Members of BNC’s policy research work group recently made specific suggestions to the city for changes to the noise ordinance and its enforcement, as well as additions to the criteria used to evaluate applications for noise permits. The recommendations were reviewed in a meeting with staff working on livability issues as a follow up to a discussion with the city manager.
Other cities with vibrant live music scenes have policies that strike a better balance between outdoor amplified music and livability in nearby residential areas. We suggested that Bend follow the model of either Charlottesville, VA or Austin, TX. The former sets lower decibel limits than used in Bend, while the latter measures sound levels at the property line of the source of the music, rather than at the property of a “noise sensitive” person. Austin also requires an annual permit for all outdoor music venues and a sound impact evaluation by trained technicians.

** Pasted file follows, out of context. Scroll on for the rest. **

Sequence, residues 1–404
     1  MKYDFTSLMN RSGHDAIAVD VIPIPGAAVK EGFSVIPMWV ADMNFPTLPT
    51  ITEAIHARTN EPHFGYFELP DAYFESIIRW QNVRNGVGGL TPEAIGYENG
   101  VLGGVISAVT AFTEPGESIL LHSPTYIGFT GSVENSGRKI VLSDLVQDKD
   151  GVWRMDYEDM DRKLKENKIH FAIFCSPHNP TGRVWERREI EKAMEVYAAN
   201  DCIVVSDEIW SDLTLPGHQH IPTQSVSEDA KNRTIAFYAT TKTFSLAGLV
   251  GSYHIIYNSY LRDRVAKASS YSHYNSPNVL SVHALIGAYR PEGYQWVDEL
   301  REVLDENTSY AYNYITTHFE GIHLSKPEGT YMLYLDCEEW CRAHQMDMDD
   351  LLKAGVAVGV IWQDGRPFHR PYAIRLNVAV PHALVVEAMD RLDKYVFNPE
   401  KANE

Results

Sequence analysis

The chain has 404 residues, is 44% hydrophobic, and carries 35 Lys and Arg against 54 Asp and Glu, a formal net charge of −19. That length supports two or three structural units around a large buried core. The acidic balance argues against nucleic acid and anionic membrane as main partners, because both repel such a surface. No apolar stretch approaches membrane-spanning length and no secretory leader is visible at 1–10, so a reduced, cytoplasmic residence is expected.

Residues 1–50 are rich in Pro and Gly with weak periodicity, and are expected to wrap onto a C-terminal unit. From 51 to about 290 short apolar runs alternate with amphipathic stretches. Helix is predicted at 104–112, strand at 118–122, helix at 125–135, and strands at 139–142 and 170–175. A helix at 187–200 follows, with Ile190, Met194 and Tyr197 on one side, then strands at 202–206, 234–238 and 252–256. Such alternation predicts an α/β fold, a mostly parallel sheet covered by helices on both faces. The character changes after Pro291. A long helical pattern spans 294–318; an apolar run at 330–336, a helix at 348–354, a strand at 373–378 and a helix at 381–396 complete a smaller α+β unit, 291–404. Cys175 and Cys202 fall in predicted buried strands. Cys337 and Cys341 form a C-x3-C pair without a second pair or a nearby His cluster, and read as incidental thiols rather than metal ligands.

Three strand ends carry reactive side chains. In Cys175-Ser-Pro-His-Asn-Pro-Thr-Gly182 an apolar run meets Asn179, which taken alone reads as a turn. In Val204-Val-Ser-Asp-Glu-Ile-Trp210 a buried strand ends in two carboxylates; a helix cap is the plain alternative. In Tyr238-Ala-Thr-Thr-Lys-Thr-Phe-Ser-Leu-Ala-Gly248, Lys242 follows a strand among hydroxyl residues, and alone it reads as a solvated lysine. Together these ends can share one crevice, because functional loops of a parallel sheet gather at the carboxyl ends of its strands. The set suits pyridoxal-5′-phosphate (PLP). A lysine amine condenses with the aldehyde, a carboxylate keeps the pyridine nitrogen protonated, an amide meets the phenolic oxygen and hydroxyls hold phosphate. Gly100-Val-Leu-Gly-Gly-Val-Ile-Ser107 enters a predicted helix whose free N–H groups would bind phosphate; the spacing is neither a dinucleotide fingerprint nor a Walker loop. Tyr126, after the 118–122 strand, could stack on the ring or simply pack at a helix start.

To improve enforcement, we suggested shifting responsibility from the police (for whom noise complaints are and should be a low priority) to a sound technician authorized to enforce the code. Many other cities use this approach.
We also suggested that the criteria for approving or denying variance requests include the commonly-used standards of proximity, frequency, and duration. Most cities prohibit exceeding the limits in the noise ordinance within a certain distance of residential areas. They also restrict how long and how often events can impact a particular neighborhood.
To read or download BNC’s noise recommendations, click here.